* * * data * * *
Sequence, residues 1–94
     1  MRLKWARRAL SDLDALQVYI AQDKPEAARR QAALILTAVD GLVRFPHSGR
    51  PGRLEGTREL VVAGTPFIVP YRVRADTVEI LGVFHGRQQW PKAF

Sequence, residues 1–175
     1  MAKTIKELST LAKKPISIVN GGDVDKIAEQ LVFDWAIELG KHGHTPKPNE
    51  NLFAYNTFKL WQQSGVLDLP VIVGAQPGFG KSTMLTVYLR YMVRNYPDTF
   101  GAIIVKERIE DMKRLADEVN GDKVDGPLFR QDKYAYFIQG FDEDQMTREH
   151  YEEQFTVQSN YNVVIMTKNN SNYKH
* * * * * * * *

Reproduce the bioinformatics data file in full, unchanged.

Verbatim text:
Sequence, residues 1–94
     1  MRLKWARRAL SDLDALQVYI AQDKPEAARR QAALILTAVD GLVRFPHSGR
    51  PGRLEGTREL VVAGTPFIVP YRVRADTVEI LGVFHGRQQW PKAF

Sequence, residues 1–175
     1  MAKTIKELST LAKKPISIVN GGDVDKIAEQ LVFDWAIELG KHGHTPKPNE
    51  NLFAYNTFKL WQQSGVLDLP VIVGAQPGFG KSTMLTVYLR YMVRNYPDTF
   101  GAIIVKERIE DMKRLADEVN GDKVDGPLFR QDKYAYFIQG FDEDQMTREH
   151  YEEQFTVQSN YNVVIMTKNN SNYKH